Trade between India and Pakistan is the first casualty in a crisis situation
As a protest after the Palwama attack, India withdrew the Most Favoured Nation (MFN) status it had granted to Pakistan in 1996 and slapped a 200 percent duty on the import of items such as cement from the country.
Pakistan, on the other hand, never granted the MFN status to India. Instead, it moved India from a positive to a negative list regime. Under the positive list formula, only the items mentioned on the list were allowed for import from India whereas the existing negative list carries only the items whose import is prohibited from the country.
The number of items on the negative list is 1209, which means all items other than these can be legally imported from India. Another condition imposed by Pakistan is that only 137 items can be imported via land route while all others can reach through the sea route.
After the discriminatory imposition of 200 percent duties, Pakistani products destined for India have become nonviable for importers. Though Pakistan has not retaliated by taking restrictive measure like increasing the number of items on the negative list, it seems quite likely that it would also take some steps to affect the Indian exports. It is worth noticing that there is no announcement to stop mutual trade but to withdraw concessions, etc.
Anis ul Haq, Secretary All Pakistan Textiles Mills Association (APTMA), Punjab Chapter, tells TNS that consignments of cement, gypsum, dates, etc, leaving for India have been stopped after the withdrawal of MFN status by India. "The 200 percent duty cannot be justified under any circumstances. India has high demand for finished cement and gypsum and its construction industry is bound to suffer but their businessmen can do little in this situation."
Haq says the textile industry of Pakistan is not hugely affected because it does not export much from India, "It has been importing yarn and cotton from there, especially due to successive cotton crop failures. Today (Thursday) around half a dozen trucks of Indian yarn have moved into Pakistan from Wagah border after a brief suspension."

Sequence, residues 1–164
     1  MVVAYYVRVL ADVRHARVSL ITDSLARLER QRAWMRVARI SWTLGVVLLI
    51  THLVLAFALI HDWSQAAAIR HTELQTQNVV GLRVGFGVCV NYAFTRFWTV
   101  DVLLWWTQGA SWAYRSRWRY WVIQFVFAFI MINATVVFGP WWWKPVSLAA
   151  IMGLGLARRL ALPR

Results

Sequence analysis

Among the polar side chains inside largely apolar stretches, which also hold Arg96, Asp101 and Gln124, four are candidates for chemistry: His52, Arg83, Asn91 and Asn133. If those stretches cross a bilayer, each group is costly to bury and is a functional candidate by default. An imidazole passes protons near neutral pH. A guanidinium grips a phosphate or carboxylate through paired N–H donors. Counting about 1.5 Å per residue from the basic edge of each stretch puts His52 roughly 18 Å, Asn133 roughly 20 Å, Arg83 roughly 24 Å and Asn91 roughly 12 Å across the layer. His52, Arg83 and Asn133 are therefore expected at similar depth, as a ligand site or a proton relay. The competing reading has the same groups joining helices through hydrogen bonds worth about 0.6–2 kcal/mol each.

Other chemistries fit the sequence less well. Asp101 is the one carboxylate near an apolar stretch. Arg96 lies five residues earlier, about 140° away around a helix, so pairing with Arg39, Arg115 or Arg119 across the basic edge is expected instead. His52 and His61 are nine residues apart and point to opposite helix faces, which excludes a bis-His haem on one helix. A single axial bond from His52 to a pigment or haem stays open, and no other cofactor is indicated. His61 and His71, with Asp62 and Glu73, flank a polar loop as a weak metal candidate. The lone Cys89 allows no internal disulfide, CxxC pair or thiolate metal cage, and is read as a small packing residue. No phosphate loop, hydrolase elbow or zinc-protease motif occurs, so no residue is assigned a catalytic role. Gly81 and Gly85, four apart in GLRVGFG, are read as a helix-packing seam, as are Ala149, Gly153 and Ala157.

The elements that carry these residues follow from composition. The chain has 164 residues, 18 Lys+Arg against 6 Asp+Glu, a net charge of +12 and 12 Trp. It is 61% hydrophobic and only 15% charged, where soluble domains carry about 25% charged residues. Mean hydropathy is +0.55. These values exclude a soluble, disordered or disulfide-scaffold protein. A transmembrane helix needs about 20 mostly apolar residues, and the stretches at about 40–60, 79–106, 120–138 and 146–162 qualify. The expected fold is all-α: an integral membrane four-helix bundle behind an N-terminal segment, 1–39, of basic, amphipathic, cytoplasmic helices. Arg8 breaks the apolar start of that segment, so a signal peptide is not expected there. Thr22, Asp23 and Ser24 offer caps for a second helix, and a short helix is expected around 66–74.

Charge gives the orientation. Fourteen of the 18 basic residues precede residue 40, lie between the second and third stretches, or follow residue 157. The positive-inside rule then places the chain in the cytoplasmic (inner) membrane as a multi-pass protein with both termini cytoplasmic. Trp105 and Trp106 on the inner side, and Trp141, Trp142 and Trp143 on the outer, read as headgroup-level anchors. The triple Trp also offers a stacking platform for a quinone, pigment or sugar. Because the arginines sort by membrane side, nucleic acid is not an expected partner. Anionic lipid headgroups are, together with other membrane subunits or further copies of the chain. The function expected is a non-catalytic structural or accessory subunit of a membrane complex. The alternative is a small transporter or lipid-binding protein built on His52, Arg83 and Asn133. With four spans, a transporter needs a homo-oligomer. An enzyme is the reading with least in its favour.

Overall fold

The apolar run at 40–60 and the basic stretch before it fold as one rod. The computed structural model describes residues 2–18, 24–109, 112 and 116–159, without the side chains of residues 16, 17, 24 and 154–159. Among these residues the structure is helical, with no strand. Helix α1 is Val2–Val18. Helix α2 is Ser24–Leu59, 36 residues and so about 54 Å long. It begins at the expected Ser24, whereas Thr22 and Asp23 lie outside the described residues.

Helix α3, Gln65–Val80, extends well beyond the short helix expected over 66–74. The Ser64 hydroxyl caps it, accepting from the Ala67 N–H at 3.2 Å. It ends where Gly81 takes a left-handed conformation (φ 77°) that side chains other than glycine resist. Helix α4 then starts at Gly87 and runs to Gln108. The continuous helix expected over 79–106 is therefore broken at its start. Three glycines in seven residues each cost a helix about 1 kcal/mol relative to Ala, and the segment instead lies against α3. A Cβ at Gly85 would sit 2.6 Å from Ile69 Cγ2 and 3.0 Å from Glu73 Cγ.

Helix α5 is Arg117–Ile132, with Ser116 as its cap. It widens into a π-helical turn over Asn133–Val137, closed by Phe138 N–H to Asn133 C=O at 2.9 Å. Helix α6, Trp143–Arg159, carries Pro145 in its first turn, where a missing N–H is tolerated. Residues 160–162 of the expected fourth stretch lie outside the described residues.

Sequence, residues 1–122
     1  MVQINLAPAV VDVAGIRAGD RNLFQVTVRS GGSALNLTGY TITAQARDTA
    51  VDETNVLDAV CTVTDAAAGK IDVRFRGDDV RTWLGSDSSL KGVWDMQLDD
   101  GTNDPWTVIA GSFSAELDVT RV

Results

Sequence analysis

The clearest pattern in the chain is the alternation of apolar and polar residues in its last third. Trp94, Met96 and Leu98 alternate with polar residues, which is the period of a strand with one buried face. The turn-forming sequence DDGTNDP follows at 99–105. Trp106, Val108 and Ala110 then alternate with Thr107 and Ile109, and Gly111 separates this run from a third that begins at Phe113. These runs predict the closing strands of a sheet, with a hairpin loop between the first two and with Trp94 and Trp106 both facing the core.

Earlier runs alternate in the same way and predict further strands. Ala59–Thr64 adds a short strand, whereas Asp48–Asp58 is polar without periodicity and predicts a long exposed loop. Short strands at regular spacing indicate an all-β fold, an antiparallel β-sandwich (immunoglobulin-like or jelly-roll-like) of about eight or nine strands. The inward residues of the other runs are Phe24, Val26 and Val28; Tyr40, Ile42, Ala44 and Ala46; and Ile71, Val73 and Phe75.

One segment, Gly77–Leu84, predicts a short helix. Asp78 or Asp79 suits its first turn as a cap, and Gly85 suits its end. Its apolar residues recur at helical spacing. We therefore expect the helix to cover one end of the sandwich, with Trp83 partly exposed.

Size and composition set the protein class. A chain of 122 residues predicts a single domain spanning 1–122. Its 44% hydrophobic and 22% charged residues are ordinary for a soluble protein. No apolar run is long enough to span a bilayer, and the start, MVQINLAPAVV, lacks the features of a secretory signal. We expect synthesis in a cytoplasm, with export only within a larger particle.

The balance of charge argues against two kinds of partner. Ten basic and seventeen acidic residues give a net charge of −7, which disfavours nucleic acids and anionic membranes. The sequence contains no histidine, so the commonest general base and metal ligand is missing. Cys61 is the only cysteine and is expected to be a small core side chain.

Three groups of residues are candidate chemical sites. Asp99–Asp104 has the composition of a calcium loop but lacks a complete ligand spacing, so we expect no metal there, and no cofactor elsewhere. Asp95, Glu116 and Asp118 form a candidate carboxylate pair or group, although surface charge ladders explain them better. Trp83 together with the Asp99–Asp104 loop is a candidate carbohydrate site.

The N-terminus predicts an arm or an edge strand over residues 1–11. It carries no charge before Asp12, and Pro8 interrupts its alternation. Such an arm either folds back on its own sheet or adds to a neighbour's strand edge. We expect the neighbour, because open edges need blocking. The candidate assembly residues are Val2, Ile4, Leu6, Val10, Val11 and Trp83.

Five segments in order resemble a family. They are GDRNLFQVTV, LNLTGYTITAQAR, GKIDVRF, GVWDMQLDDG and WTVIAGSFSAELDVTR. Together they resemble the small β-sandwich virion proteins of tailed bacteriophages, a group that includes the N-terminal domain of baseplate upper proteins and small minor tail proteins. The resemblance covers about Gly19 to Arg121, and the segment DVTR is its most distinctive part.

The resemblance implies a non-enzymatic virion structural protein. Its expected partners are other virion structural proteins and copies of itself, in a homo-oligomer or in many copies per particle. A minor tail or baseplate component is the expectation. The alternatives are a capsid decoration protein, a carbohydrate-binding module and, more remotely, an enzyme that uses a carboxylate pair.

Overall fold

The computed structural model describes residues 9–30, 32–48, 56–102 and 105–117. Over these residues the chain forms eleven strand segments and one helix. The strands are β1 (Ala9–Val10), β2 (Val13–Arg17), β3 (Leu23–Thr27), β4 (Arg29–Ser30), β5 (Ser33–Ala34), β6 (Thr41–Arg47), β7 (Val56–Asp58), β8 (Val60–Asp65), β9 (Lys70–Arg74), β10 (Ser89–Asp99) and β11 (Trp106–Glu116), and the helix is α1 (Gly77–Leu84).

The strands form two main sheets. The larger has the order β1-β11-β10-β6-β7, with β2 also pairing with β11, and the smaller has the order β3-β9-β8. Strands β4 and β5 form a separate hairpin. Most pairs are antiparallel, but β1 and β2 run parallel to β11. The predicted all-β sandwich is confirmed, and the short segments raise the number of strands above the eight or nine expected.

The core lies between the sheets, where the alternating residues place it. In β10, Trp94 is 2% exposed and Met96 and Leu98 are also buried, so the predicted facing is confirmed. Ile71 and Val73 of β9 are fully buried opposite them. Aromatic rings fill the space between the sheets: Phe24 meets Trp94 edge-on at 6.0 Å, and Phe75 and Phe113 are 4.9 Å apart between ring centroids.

Regarding the import of cotton, he says, it will depend on the health of the cotton crop this year. Haq thinks imports from India have not suffered directly because Pakistan has so far not taken a restrictive step in this regard. "The local cement industry that has undergone expansion, keeping in view the huge Indian market, will definitely bear the brunt," he adds.
Formal bilateral trade between Pakistan and India hovers around $2.5 billion with Indian exports taking a share of $2 to $ 2.2 billion and Pakistan between $300 to 400 million. The informal trade carried out via smuggling or through a third country is estimated to be much larger than formal trade.
Muhammad Shahid, a trader based in Lahore, tells TNS that there is a negative sentiment among local businesses about the invasion of Indian items on the negative list in our markets through informal routes. "These items are exported by India to a third country, such as Dubai, from where these are re-exported to Pakistan after changing labels and details about the country of origin," he informs.
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Shahid explains that finished goods are mostly put on the negative list and raw material import from India is encouraged to protect the local industry but such goods have flooded our markets. "Traders are planning to boycott these items and also blacklist businessmen dealing in the Indian goods. This measure will be in response to the imposition of 200 percent duty on Pakistani imports by India."
Products flooding Pakistani markets include shampoo, hair oil, cosmetics, clothes, dairy products, confectionary items, electronic products, jewellery, and generic medicines, etc.
An official from the Customs department, who does not want to be identified, says it is not difficult to detect a product’s origin, keeping in view the advancement in testing technology and industrial labs’ capability. "But, unfortunately, the enforcement is weak, resulting in the flow of prohibited Indian products through third countries. Many a time, these products arrive here with the support of departments supposed to intercept these."
He says there is a demand, following India’s decision on Pakistan’s MFN status, to launch a crackdown against such products. "This will hurt many businesses here that have flourished due to regular supplies of these goods."